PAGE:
Paola Gil­sanz, a re­searcher with the Univer­sity of Cal­i­for­nia-San Fran­cisco and Kaiser Per­ma­nente’s Divi­sion of Re­search, at­tempted to ex­am­ine the im­pact on brain health on peo­ple who had been born in states with high lev­els of in­fant mor­tal­ity, a sort of proxy for begin­ning life un­der ad­verse cir­cum­stances. Dur­ing the pe­riod she fo­cused on, the black in­fant mor­tal­ity rate was nearly twice as high as whites’.

The study re­viewed clin­i­cal exam data col­lected be­tween 1964 and 1973 for 6,284 Kaiser Per­ma­nente mem­bers, of whom 17 per­cent were black. The sub­jects were born be­tween 1919 and 1932.

Re­searchers then an­a­lyzed their health records in re­gard to whether they had been born in one of 10 states with the high­est in­fant mor­tal­ity rates in 1928 — a year cho­sen be­cause of the stark dif­fer­ence be­tween white and black in­fant mor­tal­ity rates and that year’s place to­ward the lower range of ages among the sub­jects of the study.

African-Amer­i­cans born in those states had a 40 per­cent higher risk of de­men­tia than blacks who were not born in states with high in­fant mor­tal­ity rates. The risk was twice as high, even af­ter ac­count­ing for dif­fer­ences in ed­u­ca­tion and other health risk fac­tors, as it was for whites born out­side states with high in­fant mor­tal­ity rates.

“I think this is im­por­tant be­cause it con­trib­utes more in­for­ma­tion to a grow­ing body of ev­i­dence that early life mat­ters to brain health and that maybe early life con­di­tions par­tially ex­plain the racial dis­par­i­ties we see in de­men­tia risk,” Gil­sanz said. “We should re­ally think about brain health as a life­long con­cern.”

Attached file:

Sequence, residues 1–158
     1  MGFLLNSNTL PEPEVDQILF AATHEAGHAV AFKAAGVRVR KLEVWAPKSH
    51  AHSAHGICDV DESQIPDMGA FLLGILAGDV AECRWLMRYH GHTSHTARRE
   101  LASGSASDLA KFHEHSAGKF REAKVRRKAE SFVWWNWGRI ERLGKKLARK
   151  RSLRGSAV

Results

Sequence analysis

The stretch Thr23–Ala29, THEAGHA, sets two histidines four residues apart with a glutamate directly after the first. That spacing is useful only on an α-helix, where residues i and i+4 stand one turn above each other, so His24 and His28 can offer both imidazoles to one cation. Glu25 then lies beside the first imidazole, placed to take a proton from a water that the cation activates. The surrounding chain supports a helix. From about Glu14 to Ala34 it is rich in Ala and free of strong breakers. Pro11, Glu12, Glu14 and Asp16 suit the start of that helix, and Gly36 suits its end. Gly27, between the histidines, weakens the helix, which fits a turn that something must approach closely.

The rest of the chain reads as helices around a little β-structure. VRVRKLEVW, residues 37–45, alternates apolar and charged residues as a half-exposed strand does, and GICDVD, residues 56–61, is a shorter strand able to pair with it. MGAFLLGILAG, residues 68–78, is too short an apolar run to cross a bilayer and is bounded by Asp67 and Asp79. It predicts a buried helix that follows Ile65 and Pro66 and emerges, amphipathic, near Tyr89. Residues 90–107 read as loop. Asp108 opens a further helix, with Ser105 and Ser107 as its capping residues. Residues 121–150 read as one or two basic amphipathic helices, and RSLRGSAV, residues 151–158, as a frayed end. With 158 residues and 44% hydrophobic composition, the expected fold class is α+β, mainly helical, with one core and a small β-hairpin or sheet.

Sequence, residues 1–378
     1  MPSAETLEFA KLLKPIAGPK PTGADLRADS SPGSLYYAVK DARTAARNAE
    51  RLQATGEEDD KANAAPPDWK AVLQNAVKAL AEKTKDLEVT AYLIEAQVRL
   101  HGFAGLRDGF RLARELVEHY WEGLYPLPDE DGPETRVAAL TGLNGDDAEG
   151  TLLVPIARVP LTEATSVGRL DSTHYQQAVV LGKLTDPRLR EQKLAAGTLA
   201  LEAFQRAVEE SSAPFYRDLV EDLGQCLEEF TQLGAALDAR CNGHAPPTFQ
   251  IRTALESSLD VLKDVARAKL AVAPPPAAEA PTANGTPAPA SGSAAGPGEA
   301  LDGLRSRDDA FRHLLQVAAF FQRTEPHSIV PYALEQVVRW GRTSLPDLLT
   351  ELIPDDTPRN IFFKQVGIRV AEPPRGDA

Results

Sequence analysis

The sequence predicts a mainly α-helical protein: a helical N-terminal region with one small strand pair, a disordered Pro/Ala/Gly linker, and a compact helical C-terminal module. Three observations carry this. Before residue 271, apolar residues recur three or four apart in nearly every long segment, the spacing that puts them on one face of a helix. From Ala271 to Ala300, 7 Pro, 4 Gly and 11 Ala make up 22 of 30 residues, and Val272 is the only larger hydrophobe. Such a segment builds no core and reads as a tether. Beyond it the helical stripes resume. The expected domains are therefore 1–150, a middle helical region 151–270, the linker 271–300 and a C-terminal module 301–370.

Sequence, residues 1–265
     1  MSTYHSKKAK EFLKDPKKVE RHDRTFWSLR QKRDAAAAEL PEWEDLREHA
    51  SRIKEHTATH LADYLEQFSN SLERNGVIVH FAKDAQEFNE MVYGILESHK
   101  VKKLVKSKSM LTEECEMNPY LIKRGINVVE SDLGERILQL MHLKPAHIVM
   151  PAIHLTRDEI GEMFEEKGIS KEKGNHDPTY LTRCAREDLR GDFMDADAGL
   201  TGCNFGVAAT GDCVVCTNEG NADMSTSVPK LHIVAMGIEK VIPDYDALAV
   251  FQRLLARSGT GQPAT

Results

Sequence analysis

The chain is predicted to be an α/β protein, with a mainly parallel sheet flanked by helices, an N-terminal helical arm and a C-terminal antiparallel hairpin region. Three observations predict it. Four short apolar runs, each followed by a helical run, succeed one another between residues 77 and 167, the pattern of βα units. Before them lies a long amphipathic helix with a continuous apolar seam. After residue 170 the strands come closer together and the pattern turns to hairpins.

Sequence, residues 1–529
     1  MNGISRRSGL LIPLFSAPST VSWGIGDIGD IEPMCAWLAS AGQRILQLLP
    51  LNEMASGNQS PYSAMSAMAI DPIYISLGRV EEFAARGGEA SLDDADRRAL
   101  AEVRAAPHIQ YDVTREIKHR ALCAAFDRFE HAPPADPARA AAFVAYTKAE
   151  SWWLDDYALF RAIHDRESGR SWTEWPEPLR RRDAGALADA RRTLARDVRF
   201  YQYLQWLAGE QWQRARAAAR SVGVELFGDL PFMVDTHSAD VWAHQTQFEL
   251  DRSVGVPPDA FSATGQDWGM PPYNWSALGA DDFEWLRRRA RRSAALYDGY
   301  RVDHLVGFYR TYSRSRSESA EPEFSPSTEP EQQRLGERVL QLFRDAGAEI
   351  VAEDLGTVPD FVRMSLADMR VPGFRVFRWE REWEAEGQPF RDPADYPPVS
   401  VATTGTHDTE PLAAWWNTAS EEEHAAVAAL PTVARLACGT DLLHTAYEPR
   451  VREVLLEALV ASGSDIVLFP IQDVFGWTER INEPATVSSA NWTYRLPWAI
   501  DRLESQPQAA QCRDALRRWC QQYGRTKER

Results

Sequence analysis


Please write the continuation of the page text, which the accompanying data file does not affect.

Amy J. Kind, who is also a physi­cian and re­searcher at the Univer­sity of Wis­con­sin, looked to see whether there is a re­la­tion­ship be­tween dis­ad­van­taged neigh­bor­hoods and dis­par­i­ties in the preva­lence of de­men­tia. She and her col­leagues first re­fined Cen­sus and Amer­i­can Com­mu­nity Sur­vey data to map more than 34 mil­lion neigh­bor­hoods — blocks of 1,500 to 3000 peo­ple — based on so­cioe­co­nomic data to ar­rive at an Area De­pri­va­tion In­dex. Af­ter rank­ing those blocks from least dis­ad­van­taged to most, the re­searchers then com­pared them with the Wis­con­sin Reg­istry for Alzheimer’s Pre­ven­tion study data of nearly 1,500 peo­ple who had been tested for mem­ory and cog­ni­tive func­tion. The group also an­a­lyzed the neigh­bor­hood data against a much smaller sub­set of peo­ple who had been tested for biomark­ers — pro­teins found in cere­brospinal fluid linked to Alzheimer’s.

The re­searchers found that peo­ple in the most dis­ad­van­taged neigh­bor­hoods per­formed sig­nif­i­cantly worse in ev­ery as­pect of cog­ni­tive func­tion that was tested; they also had dis­pro­por­tion­ately higher lev­els of an Alzheimer’s biomarker.